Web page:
My kids are all grown, so I’ve been out of the game for a good long while. And there are no grandkids on the immediate horizon, so it may be a while before I’m on diaper duty. But with three children, I did my share of diaper changing over the years – back in the days when it was the parents who were smart about what was going on, not the diapers themselves.
Smart diapers, you may well be asking yourself? Yes, smart diapers.
In July, Pampers announced Lumi:
…an all-in-one connected system that includes two activity sensors for diapers, a Logitech camera fashioned into a Wi-Fi baby monitor and an app that wraps everything together… Lumi builds on the company’s popular Swaddler line — the sensor keeps an eye on the blue wetness strip outside of the diaper to determine how soaked it is. Unfortunately, you’ll need to buy Lumi-optimized version of the diapers to use the sensor, as they have larger and more visible wetness strips. (Source: Engadget)
The entire system pulls together pretty much everything you want to know about your baby once you’ve put them down for the night in their crib. The video monitor lets you take a peek at your little sleeper and monitor their sleep patterns; you can track the temperature and humidity of the nursery; and, of course, check those sensor-equipped diapers to see whether it’s time for a change.
The way we handled it back in the day was a) listen for the baby to cry; b) respond (or not, depending on what phase in “get your baby to sleep” you were in); c) figure out the old fashioned way whether your baby needed changing; d) change diaper as needed. Call me old-fashioned, but this seemed to work out just fine.
I can’t help but think that this is yet another “application in search of a market” product.
As with many apps – even the ones that seem the most frivolous and unnecessary for the consumer market; as, for example, smart diapers – there are health and assistive-related situations where, the smarter the better. I’m not sure whether the Lumi can measure output, but for someone with an ill baby, being able to measure whether the baby is peeing too much or too little could be a critical piece of information to have. Other than that…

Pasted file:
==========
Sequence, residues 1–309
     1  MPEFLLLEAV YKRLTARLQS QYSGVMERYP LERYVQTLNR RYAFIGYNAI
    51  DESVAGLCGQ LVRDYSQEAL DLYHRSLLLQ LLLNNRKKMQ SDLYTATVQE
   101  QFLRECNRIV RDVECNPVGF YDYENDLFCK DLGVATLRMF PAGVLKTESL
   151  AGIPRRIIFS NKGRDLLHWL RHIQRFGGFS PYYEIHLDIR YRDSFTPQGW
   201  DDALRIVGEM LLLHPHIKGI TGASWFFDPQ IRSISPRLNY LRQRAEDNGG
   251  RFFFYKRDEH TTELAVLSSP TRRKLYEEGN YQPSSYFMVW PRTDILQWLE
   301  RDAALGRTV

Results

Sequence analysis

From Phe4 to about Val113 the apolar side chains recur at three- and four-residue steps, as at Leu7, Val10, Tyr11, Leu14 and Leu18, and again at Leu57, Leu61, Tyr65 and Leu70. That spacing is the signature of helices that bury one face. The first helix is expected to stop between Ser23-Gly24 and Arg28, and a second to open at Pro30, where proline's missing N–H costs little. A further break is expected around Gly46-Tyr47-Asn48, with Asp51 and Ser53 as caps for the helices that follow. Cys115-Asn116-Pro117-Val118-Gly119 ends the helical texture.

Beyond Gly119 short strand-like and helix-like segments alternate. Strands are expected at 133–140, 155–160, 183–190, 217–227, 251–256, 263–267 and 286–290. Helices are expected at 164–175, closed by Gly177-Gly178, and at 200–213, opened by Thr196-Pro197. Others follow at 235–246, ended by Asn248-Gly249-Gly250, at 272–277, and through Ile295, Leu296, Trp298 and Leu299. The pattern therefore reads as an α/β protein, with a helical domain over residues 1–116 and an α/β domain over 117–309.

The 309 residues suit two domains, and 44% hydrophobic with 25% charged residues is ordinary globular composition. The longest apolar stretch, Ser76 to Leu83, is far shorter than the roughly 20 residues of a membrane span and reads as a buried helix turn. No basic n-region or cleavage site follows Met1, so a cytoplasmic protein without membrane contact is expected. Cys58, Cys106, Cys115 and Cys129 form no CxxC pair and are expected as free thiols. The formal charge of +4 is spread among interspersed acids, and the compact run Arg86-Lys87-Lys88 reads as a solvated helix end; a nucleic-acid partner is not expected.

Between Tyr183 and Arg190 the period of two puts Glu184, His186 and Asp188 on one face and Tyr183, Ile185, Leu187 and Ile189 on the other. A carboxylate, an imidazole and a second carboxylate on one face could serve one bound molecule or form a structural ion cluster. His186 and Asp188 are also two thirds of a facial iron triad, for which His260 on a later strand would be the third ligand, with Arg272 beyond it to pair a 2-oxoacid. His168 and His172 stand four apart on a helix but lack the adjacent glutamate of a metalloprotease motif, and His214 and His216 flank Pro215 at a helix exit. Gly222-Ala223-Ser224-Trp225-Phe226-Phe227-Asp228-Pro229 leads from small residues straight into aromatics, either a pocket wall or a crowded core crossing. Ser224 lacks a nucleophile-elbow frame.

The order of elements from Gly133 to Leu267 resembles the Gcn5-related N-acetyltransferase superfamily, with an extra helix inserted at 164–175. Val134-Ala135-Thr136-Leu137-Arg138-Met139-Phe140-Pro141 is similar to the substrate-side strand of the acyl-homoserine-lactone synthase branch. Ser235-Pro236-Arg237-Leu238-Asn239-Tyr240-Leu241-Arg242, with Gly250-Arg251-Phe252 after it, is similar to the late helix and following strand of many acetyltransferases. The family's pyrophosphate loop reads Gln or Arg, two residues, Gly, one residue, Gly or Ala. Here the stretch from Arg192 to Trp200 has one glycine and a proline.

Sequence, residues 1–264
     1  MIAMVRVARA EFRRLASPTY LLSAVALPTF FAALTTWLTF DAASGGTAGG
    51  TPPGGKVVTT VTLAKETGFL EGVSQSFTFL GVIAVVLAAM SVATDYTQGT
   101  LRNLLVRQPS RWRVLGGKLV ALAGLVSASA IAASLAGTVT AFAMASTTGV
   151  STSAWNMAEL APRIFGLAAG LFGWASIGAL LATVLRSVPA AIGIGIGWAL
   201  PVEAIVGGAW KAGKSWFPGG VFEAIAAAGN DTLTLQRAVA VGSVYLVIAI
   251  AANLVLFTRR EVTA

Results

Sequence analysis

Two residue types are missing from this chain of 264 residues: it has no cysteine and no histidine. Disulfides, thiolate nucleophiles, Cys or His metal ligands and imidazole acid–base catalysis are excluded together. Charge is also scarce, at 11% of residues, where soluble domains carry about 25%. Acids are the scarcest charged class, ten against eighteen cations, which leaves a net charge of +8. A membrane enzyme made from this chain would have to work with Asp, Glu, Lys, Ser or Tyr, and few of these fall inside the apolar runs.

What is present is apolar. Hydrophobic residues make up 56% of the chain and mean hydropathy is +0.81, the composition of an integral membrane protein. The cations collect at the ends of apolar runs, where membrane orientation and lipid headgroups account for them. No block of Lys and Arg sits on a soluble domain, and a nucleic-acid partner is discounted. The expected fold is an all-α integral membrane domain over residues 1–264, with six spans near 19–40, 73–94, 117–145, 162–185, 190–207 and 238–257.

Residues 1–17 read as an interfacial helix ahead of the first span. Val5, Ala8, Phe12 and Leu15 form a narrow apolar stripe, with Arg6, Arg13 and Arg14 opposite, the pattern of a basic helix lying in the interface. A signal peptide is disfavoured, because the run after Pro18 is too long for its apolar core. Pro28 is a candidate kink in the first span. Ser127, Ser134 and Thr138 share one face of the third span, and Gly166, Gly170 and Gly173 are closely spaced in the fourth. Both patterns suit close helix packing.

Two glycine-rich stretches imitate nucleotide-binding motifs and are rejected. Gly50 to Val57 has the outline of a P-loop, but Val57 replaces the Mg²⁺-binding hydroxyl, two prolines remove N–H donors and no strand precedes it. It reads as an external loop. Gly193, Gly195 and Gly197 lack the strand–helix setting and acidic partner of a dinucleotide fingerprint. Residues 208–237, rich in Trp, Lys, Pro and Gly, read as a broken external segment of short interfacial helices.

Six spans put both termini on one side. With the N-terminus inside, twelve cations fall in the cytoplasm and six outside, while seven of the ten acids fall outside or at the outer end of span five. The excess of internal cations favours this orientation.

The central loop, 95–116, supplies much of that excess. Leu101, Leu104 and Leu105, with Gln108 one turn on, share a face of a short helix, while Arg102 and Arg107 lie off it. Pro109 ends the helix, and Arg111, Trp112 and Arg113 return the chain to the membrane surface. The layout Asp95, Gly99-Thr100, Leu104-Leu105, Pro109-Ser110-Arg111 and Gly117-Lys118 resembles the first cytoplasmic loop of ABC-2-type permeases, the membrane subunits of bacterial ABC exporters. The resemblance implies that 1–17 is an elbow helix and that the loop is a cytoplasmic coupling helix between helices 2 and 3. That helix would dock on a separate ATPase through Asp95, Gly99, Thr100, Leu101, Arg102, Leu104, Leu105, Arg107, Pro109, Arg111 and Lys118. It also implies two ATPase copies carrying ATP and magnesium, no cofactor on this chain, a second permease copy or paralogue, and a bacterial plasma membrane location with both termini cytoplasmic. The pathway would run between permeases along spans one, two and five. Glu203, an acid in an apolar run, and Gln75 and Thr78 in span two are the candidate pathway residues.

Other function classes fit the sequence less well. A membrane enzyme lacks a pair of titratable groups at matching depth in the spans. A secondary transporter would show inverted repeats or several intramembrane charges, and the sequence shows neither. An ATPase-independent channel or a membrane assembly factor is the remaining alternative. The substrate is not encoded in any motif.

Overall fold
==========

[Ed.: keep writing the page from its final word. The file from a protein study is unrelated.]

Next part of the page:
There’s no pricing available yet on the Lumi, but the guess is the system will cost in the $200’s. Plus you have to purchase special Lumi-ready diapers. (P&G says that the price of the Lumi diapers won’t be out of whack with the cost for regular, unsmart pampers.)
Pampers isn’t first to market with a smart diaper. Huggies has a variation of its own. (Huggies has a couple of advantages. The sensors work with any diaper, plus the sensors can detect just what sort of diaper-changing experience you’re in for. With the first version of Lumi, parents will have to rely on the tried and true sniff test.
Maybe I’ll change my tune, and when our first grandchild arrives, my wife and I will be out there buying a diaper system that’s more elaborate than a box of diapers, a Diaper Genie, and some baby wipes. But I mostly think that a smart diaper is not something that anyone needs.
There’s not only the cost, and the over-the-top-ness about it. Isn’t becoming aware that you’re wet one of the ways that your child learns how to manage their plumbing and figure out when they’ve got to go? After all, one of the raps on modern day diapers is that your toddlers get too comfortable in them. And I’d worry about the sensor. You have to attach it to the diaper, which means it’s detachable, which means that before you know it, your baby will figure out how to detach it. And we all know that there’s not that much distance between object in hand and object in mouth.
I love technology and the many ways in which smart tech can and does improve our lives in terms of health, safety, time-savings and convenience. But this doesn’t seem to be an especially useful application area. Not-so-smarty-pants diapers seem to work just fine